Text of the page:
During the next two weeks, expect a rush of Congressional activity as both chambers attempt to set details that will constitute what some see as possibly the most important climate legislation in years. TipSheet helps you keep track of the action, first setting the stage on two massive measures, and then providing resources to track more than half-a-dozen House committees.
All forms of advocacy, esp. environmental groups.
"A record number of activists working to protect the environment and land rights were murdered last year, according to a report by a campaign group."
"Documents reveal Enbridge’s close relationship with police, including offering training on responding to protests."
"Minnesota troopers on Friday arrested four people protesting Enbridge Energy’s Line 3 replacement pipeline project at the state Capitol."
"An environmental group that wants to end public-land grazing has outbid a rancher in central Idaho for a grazing lease on state land that includes habitat for bull trout and steelhead."
"The Minnesota Supreme Court on Tuesday declined to hear an appeal by opponents of Enbridge Energy’s Line 3 oil pipeline, letting stand a key decision by independent regulators to allow construction on the project to proceed."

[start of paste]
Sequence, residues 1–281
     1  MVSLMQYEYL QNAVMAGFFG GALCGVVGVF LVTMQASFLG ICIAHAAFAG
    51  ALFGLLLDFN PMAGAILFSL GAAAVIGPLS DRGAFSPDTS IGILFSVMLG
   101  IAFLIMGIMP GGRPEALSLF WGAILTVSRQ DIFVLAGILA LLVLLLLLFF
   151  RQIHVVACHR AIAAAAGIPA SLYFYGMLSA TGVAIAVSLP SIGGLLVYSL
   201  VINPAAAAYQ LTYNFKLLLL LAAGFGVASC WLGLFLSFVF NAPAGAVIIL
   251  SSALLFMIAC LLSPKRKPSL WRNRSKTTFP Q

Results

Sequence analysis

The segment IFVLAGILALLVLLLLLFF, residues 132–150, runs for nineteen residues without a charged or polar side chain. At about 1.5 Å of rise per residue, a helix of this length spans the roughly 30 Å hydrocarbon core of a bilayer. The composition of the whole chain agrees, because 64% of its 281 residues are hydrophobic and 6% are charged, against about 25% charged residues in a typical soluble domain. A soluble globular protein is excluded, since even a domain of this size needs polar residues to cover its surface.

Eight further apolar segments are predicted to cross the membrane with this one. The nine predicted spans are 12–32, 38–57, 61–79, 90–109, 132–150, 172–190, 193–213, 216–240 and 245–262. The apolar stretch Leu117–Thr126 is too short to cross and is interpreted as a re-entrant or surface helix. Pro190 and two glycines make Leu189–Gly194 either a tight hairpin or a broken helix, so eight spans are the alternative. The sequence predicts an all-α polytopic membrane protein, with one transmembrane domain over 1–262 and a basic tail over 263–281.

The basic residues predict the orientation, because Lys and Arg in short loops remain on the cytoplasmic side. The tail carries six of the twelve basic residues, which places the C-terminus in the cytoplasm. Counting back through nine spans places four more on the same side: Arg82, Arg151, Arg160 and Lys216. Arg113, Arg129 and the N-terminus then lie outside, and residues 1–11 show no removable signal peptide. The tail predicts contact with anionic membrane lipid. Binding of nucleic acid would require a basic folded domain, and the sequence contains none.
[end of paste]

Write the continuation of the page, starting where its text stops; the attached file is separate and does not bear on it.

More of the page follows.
"A divided federal appeals court on Thursday affirmed that parts of Kansas' "ag-gag" law - among the first laws in the nation restricting undercover animal rights activists - violates the First Amendment, upholding a permanent prohibition against the state enforcing the provisions."
"Climate activists are starting to map out a coordinated campaign to oppose the potential re-nomination of Federal Reserve Chair Jerome Powell, because they view his record on fighting climate change through the banking system as scant and not aggressive enough.
The campaign will kick off on August 26 at the start of the Jackson Hole Economic Symposium, a gathering of Federal Reserve and economic officials in Wyoming.
"Following critical stories about the policing of anti-pipeline activists, a Minnesota law enforcement agency barred a federally affiliated body from releasing documents through the state’s public records laws, according to documents obtained by The Intercept."